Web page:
Taking Population Health Management from a ‘buzzword’ to a real enabler for change in primary care

ICHP has been providing support to a number of primary care networks to turn the concept of population health management into a reality.

Population Health Management (PHM) as a concept has been around for a while, but it’s recently been boosted up the priority list by the NHS Long Term Plan. The plan advocates more integrated working and a population health management approach to improving the health and wellbeing of people across the country, with health, care and other organisations working together to identify their populations’ needs and develop new services to meet them.

We’ve been working with a number of emerging Integrated Care Systems (ICSs) that link health, social care and others such as the voluntary sector, supporting them to develop population health approaches in their area.

Within those ICSs, Primary Care Networks (PCNs) are increasingly being seen as the natural delivery units for population health management, as they try to devolve some of the decision-making down to the more local level of neighbourhoods covering around 50,000 people.

This means GPs are increasingly being asked to think more strategically and work in ways that require different skills sets – for example, looking at data in new ways, new kinds of leadership and developing an understanding of how they can share budgets for patients.

Here at ICHP we’re using a range of methods to support PCNs in this venture, depending on their individual needs.

A new tool for North West London

We are working with PCNs in North West London (NWL) on a new tool that can segment patient populations at a number of levels – practice, PCN, STP, ICS etc. It uses the linked data we have for NWL to follow anonymised patient groups through primary, community, acute and social care, giving us a much more holistic view of their patient pathway.

By looking at the different segments (such as healthy children, adults, or older people) across a targeted area such as a neighbourhood, those planning services can see, for example, which groups are driving high attendances at a practice or PCN level, or where they are doing well or not against their chosen performance indicators. This allows them to identify where the opportunities are for better care and potentially create bespoke packages of care for the different groups.

We’ve worked closely with PCN colleagues in Hammersmith and Fulham to co-design the tool and have presented on the idea to other PCNs across NWL for their feedback.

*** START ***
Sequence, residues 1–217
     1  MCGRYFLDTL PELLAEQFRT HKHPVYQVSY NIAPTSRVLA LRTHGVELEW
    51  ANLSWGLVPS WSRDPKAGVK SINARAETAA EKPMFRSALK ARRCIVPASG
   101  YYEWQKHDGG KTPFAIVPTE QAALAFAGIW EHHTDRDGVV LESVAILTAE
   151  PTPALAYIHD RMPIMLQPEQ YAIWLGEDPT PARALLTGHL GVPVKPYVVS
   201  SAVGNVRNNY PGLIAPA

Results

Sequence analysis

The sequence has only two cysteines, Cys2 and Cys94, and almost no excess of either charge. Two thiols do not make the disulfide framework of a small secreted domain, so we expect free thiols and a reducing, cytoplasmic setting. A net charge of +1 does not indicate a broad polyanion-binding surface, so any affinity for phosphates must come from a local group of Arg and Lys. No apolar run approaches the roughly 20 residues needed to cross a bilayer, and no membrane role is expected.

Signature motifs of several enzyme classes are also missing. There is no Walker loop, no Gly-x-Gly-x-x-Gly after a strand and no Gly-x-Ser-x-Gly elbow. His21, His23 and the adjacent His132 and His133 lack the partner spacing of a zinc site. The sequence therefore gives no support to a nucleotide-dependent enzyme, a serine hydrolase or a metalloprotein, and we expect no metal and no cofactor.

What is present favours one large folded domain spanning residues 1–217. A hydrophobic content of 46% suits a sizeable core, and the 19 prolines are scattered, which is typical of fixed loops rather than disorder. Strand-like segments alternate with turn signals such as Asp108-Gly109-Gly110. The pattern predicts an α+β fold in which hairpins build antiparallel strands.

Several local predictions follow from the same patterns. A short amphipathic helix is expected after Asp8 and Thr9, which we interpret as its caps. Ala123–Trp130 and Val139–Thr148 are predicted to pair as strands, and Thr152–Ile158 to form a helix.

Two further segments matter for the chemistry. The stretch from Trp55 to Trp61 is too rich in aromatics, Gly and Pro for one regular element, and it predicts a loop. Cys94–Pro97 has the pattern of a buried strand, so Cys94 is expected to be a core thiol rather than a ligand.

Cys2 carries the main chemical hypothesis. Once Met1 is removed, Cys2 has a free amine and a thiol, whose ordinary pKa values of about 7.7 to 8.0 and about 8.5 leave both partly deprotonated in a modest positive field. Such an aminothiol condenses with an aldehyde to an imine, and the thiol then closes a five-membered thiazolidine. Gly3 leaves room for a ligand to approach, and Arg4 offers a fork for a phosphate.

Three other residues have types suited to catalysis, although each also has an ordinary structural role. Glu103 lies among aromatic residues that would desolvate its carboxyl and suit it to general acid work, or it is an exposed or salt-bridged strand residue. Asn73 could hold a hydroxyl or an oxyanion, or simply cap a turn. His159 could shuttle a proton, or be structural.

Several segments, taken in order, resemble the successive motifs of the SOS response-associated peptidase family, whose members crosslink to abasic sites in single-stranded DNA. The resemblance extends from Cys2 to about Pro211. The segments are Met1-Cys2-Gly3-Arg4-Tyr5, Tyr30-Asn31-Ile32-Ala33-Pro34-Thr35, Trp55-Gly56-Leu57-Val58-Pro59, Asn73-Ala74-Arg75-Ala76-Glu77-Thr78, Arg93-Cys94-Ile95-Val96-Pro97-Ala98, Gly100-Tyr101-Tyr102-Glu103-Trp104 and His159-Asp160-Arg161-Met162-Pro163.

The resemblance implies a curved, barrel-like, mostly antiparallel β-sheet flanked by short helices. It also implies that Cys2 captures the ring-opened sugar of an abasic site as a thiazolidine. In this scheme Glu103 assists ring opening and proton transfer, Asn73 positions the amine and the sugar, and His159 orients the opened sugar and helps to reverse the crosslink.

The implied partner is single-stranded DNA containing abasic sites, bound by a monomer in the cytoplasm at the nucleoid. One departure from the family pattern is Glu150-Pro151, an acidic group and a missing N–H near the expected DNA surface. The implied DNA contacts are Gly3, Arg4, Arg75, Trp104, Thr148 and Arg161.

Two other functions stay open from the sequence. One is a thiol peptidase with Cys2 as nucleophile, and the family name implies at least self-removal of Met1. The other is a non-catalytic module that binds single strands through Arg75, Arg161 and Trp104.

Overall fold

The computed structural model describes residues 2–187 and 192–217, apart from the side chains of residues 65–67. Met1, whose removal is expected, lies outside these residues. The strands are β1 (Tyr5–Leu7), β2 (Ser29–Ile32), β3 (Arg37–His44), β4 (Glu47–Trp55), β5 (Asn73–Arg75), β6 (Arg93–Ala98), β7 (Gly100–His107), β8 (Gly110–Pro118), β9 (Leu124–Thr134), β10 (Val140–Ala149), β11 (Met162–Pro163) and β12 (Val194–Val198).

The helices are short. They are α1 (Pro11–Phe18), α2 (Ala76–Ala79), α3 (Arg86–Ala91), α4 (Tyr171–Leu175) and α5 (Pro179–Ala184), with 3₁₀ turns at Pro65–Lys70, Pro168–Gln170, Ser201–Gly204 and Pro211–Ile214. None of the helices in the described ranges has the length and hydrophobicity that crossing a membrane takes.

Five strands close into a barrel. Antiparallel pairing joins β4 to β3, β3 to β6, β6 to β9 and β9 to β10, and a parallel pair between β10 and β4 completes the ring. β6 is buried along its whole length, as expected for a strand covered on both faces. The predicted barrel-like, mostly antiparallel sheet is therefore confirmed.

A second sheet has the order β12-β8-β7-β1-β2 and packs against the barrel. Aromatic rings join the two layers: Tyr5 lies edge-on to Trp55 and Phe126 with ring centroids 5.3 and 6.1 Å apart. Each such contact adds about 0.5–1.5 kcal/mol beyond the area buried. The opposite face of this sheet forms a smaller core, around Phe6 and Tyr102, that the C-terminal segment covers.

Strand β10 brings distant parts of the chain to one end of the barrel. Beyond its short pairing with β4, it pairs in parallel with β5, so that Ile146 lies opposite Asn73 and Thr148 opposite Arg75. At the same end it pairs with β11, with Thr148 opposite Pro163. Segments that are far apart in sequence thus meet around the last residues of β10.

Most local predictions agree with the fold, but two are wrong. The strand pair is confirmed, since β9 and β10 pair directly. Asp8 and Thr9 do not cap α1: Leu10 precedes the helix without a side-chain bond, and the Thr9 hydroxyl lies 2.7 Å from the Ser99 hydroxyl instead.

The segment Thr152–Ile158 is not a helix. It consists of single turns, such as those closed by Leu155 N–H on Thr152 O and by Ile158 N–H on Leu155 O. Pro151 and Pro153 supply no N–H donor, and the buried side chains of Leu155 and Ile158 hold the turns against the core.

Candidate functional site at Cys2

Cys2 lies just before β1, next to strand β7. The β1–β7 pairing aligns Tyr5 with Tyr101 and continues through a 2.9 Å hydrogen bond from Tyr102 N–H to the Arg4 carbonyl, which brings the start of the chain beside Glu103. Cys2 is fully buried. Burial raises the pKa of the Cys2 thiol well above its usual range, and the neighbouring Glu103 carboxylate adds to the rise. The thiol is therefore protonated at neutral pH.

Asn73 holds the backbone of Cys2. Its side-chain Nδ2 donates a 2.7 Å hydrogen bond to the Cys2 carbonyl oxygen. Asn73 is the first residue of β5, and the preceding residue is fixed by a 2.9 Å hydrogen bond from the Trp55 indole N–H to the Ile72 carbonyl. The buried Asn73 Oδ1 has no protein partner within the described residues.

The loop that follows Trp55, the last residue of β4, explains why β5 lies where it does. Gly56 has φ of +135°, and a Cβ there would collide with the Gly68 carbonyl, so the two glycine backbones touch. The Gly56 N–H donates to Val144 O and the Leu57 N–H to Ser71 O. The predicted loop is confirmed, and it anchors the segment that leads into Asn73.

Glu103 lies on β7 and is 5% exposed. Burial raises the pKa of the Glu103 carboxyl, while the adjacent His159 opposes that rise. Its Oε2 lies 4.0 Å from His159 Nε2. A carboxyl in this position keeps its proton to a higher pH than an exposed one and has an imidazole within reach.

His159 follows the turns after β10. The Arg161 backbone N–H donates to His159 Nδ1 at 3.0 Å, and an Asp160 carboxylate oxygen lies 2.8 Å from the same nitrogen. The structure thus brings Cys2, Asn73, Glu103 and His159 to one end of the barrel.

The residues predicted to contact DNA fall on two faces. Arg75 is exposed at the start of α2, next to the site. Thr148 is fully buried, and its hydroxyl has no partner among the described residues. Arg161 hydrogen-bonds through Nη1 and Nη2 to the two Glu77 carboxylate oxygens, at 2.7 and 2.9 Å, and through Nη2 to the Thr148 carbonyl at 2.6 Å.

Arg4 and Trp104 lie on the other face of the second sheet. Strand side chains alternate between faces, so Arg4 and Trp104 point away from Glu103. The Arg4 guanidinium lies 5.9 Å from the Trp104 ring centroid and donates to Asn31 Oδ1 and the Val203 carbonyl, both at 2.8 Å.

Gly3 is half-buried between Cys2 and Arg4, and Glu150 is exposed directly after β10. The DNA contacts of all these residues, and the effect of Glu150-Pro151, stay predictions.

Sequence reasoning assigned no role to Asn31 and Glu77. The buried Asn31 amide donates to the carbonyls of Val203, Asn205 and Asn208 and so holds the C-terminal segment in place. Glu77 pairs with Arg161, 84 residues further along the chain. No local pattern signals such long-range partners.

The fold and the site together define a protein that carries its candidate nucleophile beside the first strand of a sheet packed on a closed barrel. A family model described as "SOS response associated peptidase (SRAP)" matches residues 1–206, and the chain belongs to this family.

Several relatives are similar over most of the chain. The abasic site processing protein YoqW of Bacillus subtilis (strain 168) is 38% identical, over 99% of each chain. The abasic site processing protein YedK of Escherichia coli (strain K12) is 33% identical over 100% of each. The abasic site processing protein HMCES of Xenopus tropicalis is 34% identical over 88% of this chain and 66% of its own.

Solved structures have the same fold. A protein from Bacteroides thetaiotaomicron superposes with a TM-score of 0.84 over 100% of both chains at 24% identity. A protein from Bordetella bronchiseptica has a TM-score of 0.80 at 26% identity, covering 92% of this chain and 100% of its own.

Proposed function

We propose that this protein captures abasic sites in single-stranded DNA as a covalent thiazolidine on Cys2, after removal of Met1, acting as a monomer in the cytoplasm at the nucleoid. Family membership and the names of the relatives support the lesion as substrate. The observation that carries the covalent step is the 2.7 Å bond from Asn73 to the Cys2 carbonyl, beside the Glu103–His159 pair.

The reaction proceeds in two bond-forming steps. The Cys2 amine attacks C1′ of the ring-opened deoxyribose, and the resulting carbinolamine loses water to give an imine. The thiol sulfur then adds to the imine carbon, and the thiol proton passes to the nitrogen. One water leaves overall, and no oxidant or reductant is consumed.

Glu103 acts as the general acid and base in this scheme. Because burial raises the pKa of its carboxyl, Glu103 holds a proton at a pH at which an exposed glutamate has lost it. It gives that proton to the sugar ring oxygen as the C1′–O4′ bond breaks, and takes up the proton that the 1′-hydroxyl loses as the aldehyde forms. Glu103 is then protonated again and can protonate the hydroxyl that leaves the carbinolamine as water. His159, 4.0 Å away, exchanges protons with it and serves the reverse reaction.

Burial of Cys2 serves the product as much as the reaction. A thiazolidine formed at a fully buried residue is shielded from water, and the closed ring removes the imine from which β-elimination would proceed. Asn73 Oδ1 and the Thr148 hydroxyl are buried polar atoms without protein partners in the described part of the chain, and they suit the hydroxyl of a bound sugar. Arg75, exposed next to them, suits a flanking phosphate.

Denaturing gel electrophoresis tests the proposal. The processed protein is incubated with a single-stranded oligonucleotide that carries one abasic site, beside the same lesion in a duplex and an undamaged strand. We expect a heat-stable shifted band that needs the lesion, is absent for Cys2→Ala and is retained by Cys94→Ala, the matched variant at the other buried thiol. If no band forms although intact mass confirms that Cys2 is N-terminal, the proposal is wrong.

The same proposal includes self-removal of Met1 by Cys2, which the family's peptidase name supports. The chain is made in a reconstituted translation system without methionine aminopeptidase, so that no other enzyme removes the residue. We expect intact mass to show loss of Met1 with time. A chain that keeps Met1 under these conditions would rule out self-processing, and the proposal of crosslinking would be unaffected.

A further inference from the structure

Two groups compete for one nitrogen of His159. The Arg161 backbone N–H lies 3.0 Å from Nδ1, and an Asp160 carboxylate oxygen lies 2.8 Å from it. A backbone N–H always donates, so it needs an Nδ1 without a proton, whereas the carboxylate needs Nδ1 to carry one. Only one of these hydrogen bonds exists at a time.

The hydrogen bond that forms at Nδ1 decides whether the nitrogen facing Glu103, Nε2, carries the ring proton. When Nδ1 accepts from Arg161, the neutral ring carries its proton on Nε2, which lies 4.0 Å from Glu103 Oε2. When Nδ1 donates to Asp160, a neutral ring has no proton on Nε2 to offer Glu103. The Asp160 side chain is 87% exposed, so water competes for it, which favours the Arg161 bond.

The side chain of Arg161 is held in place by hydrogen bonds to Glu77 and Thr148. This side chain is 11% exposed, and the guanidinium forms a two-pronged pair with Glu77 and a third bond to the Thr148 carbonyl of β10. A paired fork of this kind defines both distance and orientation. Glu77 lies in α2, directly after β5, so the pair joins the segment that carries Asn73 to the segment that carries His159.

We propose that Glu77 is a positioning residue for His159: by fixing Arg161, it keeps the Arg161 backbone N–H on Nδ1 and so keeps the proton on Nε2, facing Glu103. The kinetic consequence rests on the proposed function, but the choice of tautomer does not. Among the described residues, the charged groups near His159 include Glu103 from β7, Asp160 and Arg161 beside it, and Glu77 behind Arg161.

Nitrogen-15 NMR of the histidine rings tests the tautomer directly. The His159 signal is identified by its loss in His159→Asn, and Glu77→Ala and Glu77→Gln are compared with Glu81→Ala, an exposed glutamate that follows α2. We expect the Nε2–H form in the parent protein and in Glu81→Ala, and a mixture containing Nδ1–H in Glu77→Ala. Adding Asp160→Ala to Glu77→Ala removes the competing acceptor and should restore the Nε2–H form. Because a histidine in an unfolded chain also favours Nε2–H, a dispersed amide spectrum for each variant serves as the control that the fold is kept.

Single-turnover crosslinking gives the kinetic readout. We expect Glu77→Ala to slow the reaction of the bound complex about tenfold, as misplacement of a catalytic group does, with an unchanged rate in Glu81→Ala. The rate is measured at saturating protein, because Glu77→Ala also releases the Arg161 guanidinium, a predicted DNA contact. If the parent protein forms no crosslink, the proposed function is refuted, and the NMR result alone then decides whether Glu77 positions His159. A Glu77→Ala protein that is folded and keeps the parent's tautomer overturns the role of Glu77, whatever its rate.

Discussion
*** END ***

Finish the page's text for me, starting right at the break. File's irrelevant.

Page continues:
Because PCNs often don’t have the capacity to look at data in-house, we will make the tool available to networks across NWL and support them in working with it, so they can start making PHM a reality. The first version will be ready for roll-out across NWL by the spring.

While this isn’t designed to be a national tool – most areas don’t yet have the linked data that it uses – we hope that practices across the country will also be able to benefit. If we know what RightCare cluster a practice is in, we should be able to compare it with a practice that has a similar population, which may help inform the practice team of the key areas where they can make a start.

Tailored support for PCNs at different levels of maturity

We’re also working with PCNs across the country at varying levels of maturity and understanding of PHM.

For example, we’ve linked up with the Yorkshire and Humber Academic Health Science Network to support the West Yorkshire and Humber ICS to come up with a PHM programme, by working with PCNs to build the approach from the ground up.

Through meetings, workshops and lots of conversations with PCNs across the area, we’ve been getting a sense of what they really need, asking what their understanding of PHM is and whether they are confident that this is a shared understanding. This gives us a starting point to make sure everyone is confident about the concept and then move on to how they can start to make it a reality.

The key is to find out what the PCNs think would take them from talking about PHM to doing it. The support each PCN needs will differ depending on where it already is in this process – some have already carried out high level analytics but don’t know how to make the leap to redesigning pathways; others haven’t started looking at the data yet and want to know what they need to do this; some have chosen priority areas for service development and some haven’t.

We are now arranging workshops with some of the PCNs where we will supply relevant national data collated with their local data, to look at what we have and how they can use it to take their PHM programmes forward. This should lead to tangible actions and we hope that their plans will be ready by March.

A shared learning curve

It’s key in all of this work that we co-create tools, information and methods of working together with PCN and ICS representatives right from the beginning, rather than trying to pre-empt what they need. These new partnerships for planning and delivering health and care are still in their relative infancy and PHM approaches can and should be developed in tandem with the wider structure. Everyone is on a learning curve – including us – as these new system partners develop their own ways of working together and maximising the benefits of PHM in improving health and care.

By Henry Ireland, Innovation Manager.